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Complete vs. Partial Sale

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Advisory Practice M&A: Complete vs. Partial Sale

In today's rapidly evolving market for wealth management practice M&A and financing, buyers and sellers have a lot of important considerations. With the increase in the number of M&A transactions, deal structure, complexity, and options have also increased.

One evolving transaction option – a partial sale – has gained significant momentum in the last couple of years. Compared to a complete sale where 100% of the ownership is transferred to a new buyer(s), a partial sale entails the sale of a portion of the practice, such as 5%, 25%, 49%, etc. Sellers can dictate what percentage of their practice they sell and how much control they hand over.

In 2018, partial sales only accounted for 18% of all SkyView Partners loan transactions. As advisor awareness around partial sales has increased, partial sales surged to 65% of funded loans in 2019; clearly, sellers are signaling their interest in this transaction type. There are some key considerations for buyer and seller when contemplating a partial versus complete sale:

Seller Appetite

Often, senior advisors elect to never sell their practice at or near retirement. David Grau Sr. JD cites that only two percent of independent and registered investment advisors sell their practice and appreciate a liquidity event at retirement. Our experience is that many senior advisors have a greater appetite for staying involved with the practice they have spent decades building via a partial sale instead of a complete sale. Savvy buyers recognize this desire and are accommodative of seller's need to remain with the practice for months or years to come.

Conversion Risk

Buyers and sellers considering a partial sale provide the senior advisor with a more elongated retirement glide path to transfer households to the buyer. "Sellers involved in two-step transactions (aka "partial sales") often enjoy a high level of client retention because the seller is still an operator and owner of the company, meaning interests are perfectly aligned in keeping clients and ensuring financial stability," stated ECHELON Partners CEO – Dan Seivert.

Financing Alternatives

If buyer and seller desire bank financing to fund all or part of the transaction, the senior seller's continued involvement is a key underwriting factor. In a partial sale where the senior advisor remains an owner for over twenty percent, the bank will require the seller to be a co-guarantor. Buyer and seller may find more attractive financing options, rates, and terms when a newly liquid seller remains on as a guarantor.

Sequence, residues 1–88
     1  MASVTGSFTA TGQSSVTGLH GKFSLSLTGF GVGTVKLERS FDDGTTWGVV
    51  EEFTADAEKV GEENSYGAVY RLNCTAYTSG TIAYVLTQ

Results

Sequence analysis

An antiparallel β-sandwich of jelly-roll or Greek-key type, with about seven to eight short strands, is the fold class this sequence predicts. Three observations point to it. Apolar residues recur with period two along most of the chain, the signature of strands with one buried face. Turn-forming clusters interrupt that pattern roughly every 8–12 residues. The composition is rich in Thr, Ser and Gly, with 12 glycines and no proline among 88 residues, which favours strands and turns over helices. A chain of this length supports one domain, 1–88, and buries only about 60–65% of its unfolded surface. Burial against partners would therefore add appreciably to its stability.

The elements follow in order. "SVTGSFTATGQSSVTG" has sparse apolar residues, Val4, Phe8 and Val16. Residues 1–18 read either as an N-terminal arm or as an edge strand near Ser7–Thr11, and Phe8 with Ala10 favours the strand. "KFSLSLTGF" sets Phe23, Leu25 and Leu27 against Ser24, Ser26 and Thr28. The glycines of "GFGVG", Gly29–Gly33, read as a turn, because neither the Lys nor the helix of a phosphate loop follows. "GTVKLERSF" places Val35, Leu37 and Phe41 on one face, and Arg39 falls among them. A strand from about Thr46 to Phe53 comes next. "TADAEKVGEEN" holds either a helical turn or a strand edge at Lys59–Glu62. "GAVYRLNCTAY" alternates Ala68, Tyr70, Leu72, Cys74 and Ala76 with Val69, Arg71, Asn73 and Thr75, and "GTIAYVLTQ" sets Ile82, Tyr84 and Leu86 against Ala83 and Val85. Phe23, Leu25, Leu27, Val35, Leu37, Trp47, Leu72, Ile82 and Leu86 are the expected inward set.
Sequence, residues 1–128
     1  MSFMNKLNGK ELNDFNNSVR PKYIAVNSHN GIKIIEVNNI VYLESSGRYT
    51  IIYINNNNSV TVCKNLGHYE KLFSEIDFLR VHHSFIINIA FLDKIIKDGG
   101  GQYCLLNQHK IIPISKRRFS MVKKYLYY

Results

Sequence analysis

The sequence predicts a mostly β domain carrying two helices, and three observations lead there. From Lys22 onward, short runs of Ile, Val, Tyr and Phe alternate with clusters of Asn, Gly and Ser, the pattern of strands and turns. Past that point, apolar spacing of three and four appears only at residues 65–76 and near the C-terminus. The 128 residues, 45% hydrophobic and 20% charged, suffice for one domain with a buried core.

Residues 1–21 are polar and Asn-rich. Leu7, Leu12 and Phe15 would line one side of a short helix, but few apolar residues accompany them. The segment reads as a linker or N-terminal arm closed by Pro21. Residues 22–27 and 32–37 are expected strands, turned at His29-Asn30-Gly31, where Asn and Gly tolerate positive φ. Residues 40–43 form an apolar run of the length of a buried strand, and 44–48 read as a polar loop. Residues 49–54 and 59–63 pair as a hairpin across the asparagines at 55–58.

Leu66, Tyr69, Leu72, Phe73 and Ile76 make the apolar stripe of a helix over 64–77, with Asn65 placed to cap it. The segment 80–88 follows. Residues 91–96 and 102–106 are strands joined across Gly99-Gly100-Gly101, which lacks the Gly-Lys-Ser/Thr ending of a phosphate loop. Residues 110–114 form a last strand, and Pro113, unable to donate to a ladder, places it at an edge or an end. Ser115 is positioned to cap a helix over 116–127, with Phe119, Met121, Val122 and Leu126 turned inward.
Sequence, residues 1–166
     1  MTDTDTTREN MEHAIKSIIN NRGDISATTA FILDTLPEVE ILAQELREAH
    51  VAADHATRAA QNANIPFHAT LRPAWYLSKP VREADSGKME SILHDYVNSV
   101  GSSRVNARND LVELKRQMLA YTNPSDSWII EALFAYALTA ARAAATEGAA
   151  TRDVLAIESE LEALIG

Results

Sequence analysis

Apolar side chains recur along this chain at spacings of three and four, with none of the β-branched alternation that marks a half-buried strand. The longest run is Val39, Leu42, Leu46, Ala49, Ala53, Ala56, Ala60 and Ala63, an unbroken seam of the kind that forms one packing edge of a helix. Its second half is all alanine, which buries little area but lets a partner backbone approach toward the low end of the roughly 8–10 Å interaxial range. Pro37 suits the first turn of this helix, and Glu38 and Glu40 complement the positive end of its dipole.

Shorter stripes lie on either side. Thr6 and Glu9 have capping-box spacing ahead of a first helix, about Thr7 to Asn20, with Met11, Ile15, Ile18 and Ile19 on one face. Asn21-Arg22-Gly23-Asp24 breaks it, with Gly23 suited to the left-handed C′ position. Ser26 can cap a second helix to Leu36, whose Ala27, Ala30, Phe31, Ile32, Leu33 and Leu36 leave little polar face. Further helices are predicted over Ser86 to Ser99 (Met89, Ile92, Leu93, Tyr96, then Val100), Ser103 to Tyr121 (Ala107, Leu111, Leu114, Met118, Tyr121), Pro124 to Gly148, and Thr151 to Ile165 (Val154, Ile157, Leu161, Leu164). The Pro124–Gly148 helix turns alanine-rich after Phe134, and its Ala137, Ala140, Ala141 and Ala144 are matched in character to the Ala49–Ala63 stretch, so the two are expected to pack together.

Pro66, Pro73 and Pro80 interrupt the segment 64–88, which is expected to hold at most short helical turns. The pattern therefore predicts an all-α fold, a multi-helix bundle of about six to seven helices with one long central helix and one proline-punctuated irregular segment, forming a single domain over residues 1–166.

Multiples & Valuations

Buyers and sellers need to know that partial and complete sales commonly fund at discernably different multiples. For example, in 2019, SkyView funded partial sales at an average multiple of 2.1x versus 2.5x times trailing twelve-month revenue for complete sales. This data suggests that savvy buyers seeking to gain a foothold in a practice may be able to acquire at a more attractive multiple than that garnered with a complete sale.

SkyView funded a partial sale transaction for Bill Bergstrom CFP, a sixty-year young advisor in Minneapolis, Minnesota. In exchange for a liquidity event, Mr. Bergstrom sold forty-eight percent of his practice to his two junior partners. "Selling a portion of the business to those that helped me build it was not only the right thing to do for my junior partners but also my clients. The transaction gave everyone involved peace of mind knowing that all parties would be taken care of appropriately. The partial sale gave me the impetus to transfer some of the responsibilities and time commitments to my new partners allowing me to redirect time to further grow the business or spend time with my family," stated Mr. Bergstrom.

Partial sales have several advantages over complete sales for buyers, sellers, and clients of the wealth management practice and are rapidly gaining momentum.

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